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Three types of loose connective tissue are recognized. These include areolar, adipose, and reticular types. Areolar and adipose are the most abundant types and these are typically found together in most body locales where blood vessels, nerves, ducts, and other structures are passing through tissues. Mesentery wrappings that support organs and blood vessels of the abdomen are also good examples, consisting primarily of loose and adipose tissue. In most tissues, loose connective and adipose are common as supportive wrappings for glandular structures, hair follicles, blood vessels, nerves, and other structures.
Elasticity is one important attribute of adipose and areolar types. For example, forces exerted on blood vessels and nerves vary dramatically as you contract muscles in your arms and legs for various movements. Elasticity of wrappings around these structures enable them to accommodate stretch. Shock absorption is a second key attribute of adipose and areolar connective tissues. Around organs such as the kidneys loose connective tissue types act as vibration dampening supportive tissues. In complex joints, adipose pads also serve this purpose. Finally, adipose is an important energy storage tissue surrounding active organs such as the heart, kidney, certain glands and in bone marrow areas.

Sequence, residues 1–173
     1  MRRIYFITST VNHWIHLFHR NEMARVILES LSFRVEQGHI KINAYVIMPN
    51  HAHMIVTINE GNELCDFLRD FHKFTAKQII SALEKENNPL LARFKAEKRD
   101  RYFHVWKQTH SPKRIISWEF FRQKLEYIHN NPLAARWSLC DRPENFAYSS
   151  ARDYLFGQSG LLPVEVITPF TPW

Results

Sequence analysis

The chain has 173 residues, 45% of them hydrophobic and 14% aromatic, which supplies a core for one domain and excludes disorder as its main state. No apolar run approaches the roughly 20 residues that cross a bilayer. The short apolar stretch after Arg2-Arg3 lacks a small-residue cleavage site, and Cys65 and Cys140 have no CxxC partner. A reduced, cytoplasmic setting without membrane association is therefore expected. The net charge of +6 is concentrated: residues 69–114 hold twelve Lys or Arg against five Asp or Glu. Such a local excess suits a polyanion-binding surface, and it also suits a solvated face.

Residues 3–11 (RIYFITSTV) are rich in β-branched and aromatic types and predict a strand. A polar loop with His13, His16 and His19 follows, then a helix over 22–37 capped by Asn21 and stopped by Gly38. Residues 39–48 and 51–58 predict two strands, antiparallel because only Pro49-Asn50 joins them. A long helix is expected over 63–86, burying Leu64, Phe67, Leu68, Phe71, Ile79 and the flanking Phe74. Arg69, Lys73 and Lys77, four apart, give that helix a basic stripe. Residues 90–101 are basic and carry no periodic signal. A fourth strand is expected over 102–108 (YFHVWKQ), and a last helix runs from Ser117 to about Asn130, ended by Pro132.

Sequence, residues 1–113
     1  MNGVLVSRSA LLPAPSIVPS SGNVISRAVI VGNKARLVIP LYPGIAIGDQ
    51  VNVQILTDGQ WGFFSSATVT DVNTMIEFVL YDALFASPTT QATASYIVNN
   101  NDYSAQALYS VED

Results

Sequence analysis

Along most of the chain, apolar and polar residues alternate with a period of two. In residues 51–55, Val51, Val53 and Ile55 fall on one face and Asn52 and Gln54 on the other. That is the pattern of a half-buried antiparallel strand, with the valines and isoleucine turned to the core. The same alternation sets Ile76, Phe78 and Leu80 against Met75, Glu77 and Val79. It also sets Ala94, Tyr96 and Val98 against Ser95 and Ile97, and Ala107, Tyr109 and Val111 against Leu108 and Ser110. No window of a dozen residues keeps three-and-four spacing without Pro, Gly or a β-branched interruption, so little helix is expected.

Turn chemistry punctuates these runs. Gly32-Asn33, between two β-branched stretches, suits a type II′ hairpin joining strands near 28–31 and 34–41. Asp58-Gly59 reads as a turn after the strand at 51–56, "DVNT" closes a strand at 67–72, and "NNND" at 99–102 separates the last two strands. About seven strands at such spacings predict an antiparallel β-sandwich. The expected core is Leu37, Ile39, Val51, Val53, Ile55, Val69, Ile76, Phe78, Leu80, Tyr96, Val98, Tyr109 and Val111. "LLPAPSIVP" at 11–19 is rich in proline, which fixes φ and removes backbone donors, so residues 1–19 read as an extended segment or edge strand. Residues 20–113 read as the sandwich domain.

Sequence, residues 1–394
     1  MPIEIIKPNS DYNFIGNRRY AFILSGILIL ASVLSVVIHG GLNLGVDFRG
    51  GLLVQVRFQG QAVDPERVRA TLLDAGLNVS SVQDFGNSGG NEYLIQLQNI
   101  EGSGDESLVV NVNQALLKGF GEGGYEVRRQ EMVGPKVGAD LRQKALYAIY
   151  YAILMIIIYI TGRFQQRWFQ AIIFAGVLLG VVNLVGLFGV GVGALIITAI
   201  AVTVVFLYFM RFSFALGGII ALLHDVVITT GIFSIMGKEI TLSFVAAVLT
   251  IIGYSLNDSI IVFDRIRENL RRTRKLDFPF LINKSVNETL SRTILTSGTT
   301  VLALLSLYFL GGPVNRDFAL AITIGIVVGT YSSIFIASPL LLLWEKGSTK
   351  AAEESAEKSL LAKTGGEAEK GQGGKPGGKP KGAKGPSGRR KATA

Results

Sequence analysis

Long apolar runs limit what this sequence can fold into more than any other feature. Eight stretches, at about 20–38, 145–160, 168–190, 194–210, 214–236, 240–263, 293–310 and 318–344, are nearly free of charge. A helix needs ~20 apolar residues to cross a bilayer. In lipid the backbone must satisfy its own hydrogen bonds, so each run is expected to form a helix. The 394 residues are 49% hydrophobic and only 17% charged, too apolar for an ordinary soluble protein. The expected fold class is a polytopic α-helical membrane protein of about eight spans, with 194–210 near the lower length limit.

Reticular connective tissue is supportive tissue making up the framework of glands, organs, and lymph nodes. Special stains are usually required to see the fine, branching collagen fibers making up reticular connective tissues. In glands and organs, secretory epithelial cells are attached and anchored to this network of fibers. So, you might think of reticular connective tissue as the gland or organ equivalent of skeletal tissue, the supportive tissue for other tissues making up these glands and organs.
Loose connective tissue types:
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